Little voice, Big dreams

The Voice Kids will commence its search for young talent this Saturday

Last December, the finale of The Voice Thailand was a battle between four male contestants, two of them teenage luk thung crooners. Ultimately, it was 16-year-old Tanont Chamroen who surged past the others to win the title of the hugely popular TV show.

The Blind Audition of The Voice Kids begins on April 27, on Channel 3, from 5.45pm.

Now they'll bring the age down a little further. Premiering this Saturday on Channel 3, The Voice Kids will commence its search for younger talents _ from seven to 14 _ who hope that their singing prowess can get the coaches to push the coveted button in the show's iconic Blind Audition.

Experience from doing the adult version, however, doesn't make it easier for Ardkit Suntornwat in producing the new show, which is based on the Dutch TV format released last year following the global success of The Voice franchise.

"In fact it's more difficult than dealing with adult contestants. We can't view The Voice Kids as just another TV singing contest. It's a children's programme, and we have to be sensitive and careful about producing the show, which includes managing the young contestants and their families," said Ardkit, who has a doctor helping him in supporting the children when they don't get through to the next round.

He also had the tough job finding a trio of compassionate coaches, the element of the show that's sometimes more attractive to viewers than the singers themselves. Ardkit has opted for three well-known singers: Thanaporn "Parn" Nagprayoon, Popetorn "Two" Soonthornyanakij and Niparporn "Zani" Thitithanakarn.

Their first task was to sit on those big red revolving chairs and listen to over 100 voices during the Blind Audition in order to pick 15 for their team.

"Without seeing them and only listening to their voices, I can hear how hard they tried to get us pushing the button. I chose my team members from their pure voices, and as a coach, I won't be changing their singing nature," said Parn. "The blind audition put both contestants and coaches under pressure. It became more fun though when we coaches started selling ourselves, and then I had to try really hard to tempt a kid into my team."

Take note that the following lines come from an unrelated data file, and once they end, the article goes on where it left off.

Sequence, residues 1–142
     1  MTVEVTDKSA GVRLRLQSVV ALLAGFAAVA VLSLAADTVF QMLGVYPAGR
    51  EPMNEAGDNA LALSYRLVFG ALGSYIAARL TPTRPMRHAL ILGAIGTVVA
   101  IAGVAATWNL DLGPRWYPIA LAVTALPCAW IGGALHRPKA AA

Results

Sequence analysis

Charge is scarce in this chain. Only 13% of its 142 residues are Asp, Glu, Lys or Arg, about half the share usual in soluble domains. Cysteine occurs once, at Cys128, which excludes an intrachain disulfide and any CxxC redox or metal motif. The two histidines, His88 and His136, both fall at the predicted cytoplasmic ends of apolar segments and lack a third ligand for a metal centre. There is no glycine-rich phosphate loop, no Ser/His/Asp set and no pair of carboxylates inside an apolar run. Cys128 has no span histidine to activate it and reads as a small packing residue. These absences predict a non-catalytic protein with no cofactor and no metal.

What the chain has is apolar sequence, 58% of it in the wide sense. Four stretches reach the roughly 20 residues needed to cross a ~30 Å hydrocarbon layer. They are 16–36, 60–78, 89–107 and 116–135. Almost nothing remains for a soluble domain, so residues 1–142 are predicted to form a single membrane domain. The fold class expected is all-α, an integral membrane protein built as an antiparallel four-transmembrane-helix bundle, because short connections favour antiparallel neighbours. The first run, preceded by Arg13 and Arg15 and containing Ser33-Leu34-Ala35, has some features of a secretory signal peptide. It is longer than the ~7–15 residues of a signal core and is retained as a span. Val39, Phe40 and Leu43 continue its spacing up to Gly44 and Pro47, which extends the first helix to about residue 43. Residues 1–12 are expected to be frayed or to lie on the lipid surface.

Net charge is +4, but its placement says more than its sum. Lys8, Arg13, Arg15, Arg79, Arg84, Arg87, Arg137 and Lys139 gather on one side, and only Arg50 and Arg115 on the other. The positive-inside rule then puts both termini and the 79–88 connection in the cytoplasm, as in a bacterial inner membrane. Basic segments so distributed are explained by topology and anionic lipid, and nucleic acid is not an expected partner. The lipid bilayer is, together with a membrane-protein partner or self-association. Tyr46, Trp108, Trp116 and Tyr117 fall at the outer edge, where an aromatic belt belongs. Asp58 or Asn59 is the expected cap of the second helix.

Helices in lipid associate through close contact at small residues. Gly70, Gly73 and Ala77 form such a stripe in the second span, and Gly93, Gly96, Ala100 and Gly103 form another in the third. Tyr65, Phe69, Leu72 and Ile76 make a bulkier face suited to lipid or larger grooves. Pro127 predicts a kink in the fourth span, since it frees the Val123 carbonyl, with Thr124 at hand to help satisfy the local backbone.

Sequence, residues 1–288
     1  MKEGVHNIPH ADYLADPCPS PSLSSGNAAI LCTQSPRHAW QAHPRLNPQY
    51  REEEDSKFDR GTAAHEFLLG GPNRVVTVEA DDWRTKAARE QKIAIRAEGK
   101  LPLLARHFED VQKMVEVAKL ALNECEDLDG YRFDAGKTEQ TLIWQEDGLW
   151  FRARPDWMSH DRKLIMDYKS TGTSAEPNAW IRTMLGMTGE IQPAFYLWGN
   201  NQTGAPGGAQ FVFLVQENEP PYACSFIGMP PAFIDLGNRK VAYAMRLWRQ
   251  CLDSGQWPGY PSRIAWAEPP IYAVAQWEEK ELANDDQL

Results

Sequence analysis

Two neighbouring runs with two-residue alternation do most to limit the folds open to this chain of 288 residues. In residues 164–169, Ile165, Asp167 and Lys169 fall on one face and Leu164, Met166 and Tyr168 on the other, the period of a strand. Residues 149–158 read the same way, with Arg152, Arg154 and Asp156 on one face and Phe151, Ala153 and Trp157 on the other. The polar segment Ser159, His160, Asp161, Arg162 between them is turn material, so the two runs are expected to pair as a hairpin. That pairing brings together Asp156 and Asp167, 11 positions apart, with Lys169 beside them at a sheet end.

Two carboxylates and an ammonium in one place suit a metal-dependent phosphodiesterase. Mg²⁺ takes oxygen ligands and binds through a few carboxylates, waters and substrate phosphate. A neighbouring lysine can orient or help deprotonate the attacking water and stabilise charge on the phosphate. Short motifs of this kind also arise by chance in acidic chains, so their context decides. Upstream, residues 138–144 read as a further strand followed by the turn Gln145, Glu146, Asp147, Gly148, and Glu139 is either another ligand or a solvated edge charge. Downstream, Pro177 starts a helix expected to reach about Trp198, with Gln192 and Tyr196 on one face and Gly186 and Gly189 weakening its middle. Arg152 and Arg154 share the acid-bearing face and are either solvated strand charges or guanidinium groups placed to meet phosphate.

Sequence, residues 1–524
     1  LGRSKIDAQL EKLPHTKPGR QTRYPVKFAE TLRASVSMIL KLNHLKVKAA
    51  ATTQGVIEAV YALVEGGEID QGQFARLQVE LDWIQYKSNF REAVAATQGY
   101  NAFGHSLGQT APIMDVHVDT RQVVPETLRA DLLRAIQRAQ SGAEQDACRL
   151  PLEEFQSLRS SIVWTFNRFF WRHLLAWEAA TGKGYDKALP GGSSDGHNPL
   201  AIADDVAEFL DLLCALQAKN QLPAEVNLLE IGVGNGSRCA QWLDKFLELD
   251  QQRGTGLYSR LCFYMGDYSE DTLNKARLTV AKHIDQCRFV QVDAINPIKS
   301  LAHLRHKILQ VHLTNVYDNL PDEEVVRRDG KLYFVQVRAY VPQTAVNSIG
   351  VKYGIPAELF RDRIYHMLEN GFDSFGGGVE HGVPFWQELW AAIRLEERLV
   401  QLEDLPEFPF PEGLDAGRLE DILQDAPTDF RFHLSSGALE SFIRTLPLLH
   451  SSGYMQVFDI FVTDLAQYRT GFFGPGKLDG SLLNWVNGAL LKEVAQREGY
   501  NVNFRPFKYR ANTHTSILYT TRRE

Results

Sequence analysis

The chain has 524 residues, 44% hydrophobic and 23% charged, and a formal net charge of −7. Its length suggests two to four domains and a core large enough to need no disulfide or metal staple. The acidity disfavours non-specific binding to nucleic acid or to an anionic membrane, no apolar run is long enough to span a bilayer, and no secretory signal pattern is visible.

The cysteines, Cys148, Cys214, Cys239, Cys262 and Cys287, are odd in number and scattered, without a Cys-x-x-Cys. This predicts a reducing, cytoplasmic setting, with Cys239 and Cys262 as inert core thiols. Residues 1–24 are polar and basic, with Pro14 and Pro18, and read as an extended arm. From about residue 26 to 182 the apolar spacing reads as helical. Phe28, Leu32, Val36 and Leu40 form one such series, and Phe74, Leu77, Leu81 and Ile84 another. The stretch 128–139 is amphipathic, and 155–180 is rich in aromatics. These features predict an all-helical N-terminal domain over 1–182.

The TV audience gets to see an edited broadcast of the Blind Audition, which will be followed by the gripping Battle Round that has the coaches eliminating 10 members of their team. With each team left with five contestants, only two get through the Sing Off round to the Live Round, which involves the coaches and a popular vote from the TV audience in determining the winner of The Voice Kids.

The Blind Audition had coach Two catching amazing voices, and he was surprised that Thailand has so many talented youngsters singing various genres.

"It's not only about what you hear but also how you feel about that voice, and you can't think that there will be a better voice coming up next," he said.

"What amazed me most was that the kids weren't just singing, but expressing feelings and narrating stories and that moved me to hit my button."

Two enjoys working with children, and his coaching approach is to build confidence and reassure his little team members to be themselves and be happy when singing on stage.

Coach Zani followed her aural instincts when it comes to recruiting junior crooners into her team.

"What's interesting about the Blind Audition is what makes a coach push the button. For me, it may not be hearing a singing powerhouse, and I wanted unique voices with a natural charm," said Zani, the champion of True Academy Fantasia season 6.

"All the kids are gifted but only one can be the winner. My best advice to them is to relax when on stage, and that makes them sing their best."

Zani, Parn and Two are all ears and ready to push the buttons on their big red revolving chairs.

About the author

columnist
Writer: Kanokporn Chanasongkram
Position: Reporter